Mike Hutchings

Mike Hutchings

Cape Town, South Africa
London, United Kingdom
“My biggest lesson has been not to take anything for granted.”


I shoot a range of news and sports stories, social, political and environmental issues, and feature photography.

One Shot

. Marikana, South Africa. REUTERS/Mike Hutchings
A striking mineworker holds an umbrella near the Marikana mine in South Africa's North West Province, during weeks of unrest after 34 striking platinum workers were shot dead by police in South Africa's bloodiest post-apartheid labour incident.
“I was documenting the fallout after the shooting at South Africa’s Marikana mine, when there was a hailstorm in the field where the striking workers were gathering. The miners scattered, but I saw this guy standing alone under an umbrella against a backdrop of ominous clouds in the midst of the incredibly harsh landscape. For me, the image says something about how exposed South Africa still is, almost two decades after its first democratic elections.”


My earliest memory of photography is a Kodak instamatic camera that my sister had when I was about 5 years old. I borrowed it and went to a game park, where I shot some terrible pictures of the animals and my friends.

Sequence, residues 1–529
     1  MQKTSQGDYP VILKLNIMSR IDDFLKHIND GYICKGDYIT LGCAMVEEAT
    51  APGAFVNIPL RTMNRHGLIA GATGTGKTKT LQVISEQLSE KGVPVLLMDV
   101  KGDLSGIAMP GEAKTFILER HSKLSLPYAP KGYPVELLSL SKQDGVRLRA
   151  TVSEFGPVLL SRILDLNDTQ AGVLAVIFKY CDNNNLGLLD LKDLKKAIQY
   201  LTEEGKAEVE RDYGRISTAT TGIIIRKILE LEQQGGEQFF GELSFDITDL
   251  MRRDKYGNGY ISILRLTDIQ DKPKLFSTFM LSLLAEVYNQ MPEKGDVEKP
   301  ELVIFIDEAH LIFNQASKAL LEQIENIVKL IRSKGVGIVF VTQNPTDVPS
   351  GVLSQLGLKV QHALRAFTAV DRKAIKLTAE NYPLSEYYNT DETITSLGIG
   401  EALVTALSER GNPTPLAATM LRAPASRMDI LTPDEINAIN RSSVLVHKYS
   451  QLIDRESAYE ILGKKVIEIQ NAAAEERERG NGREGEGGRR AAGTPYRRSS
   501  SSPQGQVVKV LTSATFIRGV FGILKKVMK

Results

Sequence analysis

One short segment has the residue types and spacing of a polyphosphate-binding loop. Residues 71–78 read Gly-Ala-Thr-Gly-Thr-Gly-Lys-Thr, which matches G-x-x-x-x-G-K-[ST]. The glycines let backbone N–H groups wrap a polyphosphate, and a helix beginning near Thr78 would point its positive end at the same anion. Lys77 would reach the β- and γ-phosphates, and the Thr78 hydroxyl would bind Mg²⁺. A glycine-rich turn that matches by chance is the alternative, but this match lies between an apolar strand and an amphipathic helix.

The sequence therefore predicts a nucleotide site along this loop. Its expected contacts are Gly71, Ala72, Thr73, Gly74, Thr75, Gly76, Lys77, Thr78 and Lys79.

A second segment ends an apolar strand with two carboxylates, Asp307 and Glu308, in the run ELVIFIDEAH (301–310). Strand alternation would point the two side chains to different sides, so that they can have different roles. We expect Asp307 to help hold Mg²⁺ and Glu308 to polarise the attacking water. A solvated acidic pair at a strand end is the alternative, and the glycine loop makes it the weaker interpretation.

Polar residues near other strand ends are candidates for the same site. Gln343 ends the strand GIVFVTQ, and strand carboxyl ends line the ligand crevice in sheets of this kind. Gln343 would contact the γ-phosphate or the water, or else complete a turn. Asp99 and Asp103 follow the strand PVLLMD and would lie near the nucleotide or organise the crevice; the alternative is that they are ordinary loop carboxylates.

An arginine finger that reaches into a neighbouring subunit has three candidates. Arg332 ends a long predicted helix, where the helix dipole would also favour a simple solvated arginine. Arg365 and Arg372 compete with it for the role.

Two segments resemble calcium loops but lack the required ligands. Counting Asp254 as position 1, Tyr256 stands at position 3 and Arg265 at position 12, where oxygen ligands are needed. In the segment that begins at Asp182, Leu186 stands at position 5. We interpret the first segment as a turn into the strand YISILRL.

Like many photojournalists, I have no formal training. I largely taught myself photography in a darkroom at school.

My first photo assignment was for the paper at the University of Cape Town, where I studied. I had to shoot images of climbers attempting to master a tricky overhang on an artificial climbing wall. Mostly they fell off. It made for quite good pictures.

While at university, I began taking photos of protests and political events in the 1980s before the end of apartheid rule. My training in social anthropology left me with a keen interest in how society works. After completing my degree, photojournalism seemed like a logical progression.

It’s hard to say which assignment has left the biggest mark on me. Covering the first democratic elections in South Africa was really inspiring. One of the most challenging stories, however, has been dealing with the effects of HIV/AIDS in rural areas of South Africa.

The assignments I like best are the ones that give you the chance to change people’s perceptions and challenge stereotypical ways of understanding complex situations.

My biggest lesson has been not to take anything for granted. As photojournalists, we walk in and out of different worlds and we need to remember that our own reality is not necessarily the same as the reality that other people have to deal with. The world is infinitely more complicated than the way we perceive it.

Behind the Scenes

Graaff Reinet, South Africa
Reuters photographer Mike Hutchings shoots pictures by the side of the road in Graaff Reinet while covering a story about fracking in South Africa.